Former Republic of Ireland manager Mick McCarthy has told talkSPORT his public spat with Roy Keane at World Cup 2002 led to one of the loneliest moments he experienced in football.
A dispute, over whether their preparation had been professional enough, led to the Manchester United legend being sent home from their pre-tournament camp in Saipan.
The decision, and loss of such an integral player to the squad, split the Irish support with some taking the side of the manager and others going with Keane.
And with the ramifications of the controversy overshadowing the tournament, McCarthy told talkSPORT’s My Sporting Life he wasn’t ready for the reaction of supporters, whether good or bad, ahead of their opening match against Cameroon.
Instead of greeting the travelling faithful, he remained in his dugout in an attempt to snuff out the story.
And he admitted the experience was tough but necessary in the extenuating circumstances.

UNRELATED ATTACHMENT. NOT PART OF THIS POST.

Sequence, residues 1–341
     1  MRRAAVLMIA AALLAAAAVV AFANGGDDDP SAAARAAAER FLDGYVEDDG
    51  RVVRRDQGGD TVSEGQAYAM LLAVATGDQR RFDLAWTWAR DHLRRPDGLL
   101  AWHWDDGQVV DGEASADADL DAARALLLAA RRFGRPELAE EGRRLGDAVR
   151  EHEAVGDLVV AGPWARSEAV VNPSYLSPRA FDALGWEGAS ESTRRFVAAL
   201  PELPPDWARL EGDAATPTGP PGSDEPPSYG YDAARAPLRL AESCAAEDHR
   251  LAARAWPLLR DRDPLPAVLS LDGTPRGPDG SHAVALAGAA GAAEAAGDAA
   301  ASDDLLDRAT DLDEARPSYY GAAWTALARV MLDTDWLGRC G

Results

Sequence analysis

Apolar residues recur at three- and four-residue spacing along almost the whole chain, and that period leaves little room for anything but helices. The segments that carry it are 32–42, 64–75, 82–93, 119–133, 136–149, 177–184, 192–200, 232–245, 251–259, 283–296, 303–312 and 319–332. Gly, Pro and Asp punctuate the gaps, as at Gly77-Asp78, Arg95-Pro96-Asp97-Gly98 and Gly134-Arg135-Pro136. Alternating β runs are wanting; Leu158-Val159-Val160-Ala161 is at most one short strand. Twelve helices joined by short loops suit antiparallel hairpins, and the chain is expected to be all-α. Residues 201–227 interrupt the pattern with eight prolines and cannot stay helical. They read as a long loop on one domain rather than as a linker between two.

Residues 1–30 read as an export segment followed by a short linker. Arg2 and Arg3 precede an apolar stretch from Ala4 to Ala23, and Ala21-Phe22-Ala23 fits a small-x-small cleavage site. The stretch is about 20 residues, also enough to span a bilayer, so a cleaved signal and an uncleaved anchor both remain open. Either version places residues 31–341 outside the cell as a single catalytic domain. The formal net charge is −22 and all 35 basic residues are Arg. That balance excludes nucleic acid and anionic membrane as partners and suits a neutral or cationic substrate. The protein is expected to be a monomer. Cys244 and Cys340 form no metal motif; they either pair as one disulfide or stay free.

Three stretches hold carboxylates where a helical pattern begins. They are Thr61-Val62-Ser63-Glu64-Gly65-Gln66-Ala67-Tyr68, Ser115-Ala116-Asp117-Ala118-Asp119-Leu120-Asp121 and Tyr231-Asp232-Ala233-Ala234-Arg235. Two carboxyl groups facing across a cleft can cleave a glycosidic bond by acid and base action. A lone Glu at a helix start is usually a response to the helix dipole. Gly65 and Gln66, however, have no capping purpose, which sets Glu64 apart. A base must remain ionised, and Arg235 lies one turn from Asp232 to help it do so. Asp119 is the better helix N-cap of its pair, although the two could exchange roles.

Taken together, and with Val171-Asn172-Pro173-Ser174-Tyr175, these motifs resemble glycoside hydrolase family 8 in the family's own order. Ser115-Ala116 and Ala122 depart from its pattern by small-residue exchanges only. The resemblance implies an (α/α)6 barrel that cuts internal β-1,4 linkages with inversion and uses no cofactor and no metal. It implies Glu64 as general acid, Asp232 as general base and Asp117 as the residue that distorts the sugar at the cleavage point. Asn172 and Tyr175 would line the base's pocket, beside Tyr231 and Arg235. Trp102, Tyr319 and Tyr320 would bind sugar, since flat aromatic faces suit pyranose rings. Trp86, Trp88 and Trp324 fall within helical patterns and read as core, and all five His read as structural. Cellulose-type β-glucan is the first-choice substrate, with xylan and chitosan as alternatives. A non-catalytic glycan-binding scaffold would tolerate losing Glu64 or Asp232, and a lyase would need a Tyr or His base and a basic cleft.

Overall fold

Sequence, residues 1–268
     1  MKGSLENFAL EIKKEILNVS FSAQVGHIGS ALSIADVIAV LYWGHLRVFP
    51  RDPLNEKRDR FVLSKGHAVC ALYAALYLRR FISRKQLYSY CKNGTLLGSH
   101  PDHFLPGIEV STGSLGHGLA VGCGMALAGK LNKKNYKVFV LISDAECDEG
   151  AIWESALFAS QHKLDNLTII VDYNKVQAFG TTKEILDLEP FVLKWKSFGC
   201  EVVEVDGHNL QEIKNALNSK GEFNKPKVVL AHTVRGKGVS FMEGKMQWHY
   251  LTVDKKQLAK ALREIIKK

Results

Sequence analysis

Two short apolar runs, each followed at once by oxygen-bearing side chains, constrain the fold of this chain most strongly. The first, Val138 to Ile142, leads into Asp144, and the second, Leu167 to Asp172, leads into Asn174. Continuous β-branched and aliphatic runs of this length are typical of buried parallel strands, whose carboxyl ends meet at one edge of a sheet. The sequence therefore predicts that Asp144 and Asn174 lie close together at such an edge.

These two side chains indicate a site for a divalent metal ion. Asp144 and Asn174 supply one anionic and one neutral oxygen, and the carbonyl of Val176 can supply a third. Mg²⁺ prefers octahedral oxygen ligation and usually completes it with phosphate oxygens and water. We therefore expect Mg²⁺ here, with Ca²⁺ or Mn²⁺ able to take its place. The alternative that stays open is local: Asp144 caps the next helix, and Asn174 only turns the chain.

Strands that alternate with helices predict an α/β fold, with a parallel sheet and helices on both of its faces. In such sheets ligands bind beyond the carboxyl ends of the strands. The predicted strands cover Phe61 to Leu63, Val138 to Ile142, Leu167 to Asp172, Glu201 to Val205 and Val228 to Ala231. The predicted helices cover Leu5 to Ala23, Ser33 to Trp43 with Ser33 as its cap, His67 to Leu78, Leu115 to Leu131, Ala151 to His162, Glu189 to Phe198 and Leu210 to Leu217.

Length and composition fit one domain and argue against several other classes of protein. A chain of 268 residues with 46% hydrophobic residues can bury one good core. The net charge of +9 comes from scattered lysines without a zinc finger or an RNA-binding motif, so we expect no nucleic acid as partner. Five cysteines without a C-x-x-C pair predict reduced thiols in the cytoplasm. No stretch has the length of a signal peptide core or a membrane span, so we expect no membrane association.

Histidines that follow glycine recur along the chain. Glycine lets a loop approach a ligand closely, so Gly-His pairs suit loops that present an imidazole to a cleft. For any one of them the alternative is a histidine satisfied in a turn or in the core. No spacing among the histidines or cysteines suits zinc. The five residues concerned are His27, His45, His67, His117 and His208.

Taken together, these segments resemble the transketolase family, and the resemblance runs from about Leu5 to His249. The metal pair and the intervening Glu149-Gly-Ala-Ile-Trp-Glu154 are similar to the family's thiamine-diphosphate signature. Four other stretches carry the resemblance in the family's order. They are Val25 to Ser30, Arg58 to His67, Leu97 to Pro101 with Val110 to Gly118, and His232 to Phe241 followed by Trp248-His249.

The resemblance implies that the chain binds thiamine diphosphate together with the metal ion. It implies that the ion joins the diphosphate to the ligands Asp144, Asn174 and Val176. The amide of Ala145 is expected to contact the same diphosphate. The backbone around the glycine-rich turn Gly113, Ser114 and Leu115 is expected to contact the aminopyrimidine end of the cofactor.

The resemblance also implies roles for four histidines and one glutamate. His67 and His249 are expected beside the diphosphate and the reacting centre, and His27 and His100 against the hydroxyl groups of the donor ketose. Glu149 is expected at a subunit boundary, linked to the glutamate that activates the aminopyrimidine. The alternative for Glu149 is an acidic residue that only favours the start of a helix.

“It was a difficult time because of everything else that was going on,” McCarthy revealed.
“I remember the first game against Cameroon. I can honestly say seldom have I ever felt as lonely as I did that day. Walking out onto the pitch and our fans are behind the goal.
“I wasn’t quite sure [how they felt]. It was mixed messages coming through to me about whether I did right or whether I did wrong. I had my own views and I still have and I though, I’m not going over there [to get cheered or abused]. I’m not prepared for either. I left the lads to go over there. I sat in the dugout let them all get on with it.
“I didn’t think it was appropriate at the time because then it would become about me and I didn’t want want that.”
After putting his team and his country before himself, McCarthy’s side claimed a draw with their African opponents.
And he believes what he did enabled his side to get to the second round of the World Cup where they were eventually knocked out by Spain on penalties.
“We were 1-0 down and then Matty Holland equalises,” he continued. We played well in that game against Cameroon. Against a really good Cameroon side as well.
“You could see then, afterwards, it was about the football. It was about how we were going to play and it didn’t matter who the personalities were, it was the team and it was about the winning and that’s what I wanted it to be and that’s how it turned out.
“Although there was always that in the background, believe me.”
You can listen to My Sporting Life on Sunday at 8pm on talkSPORT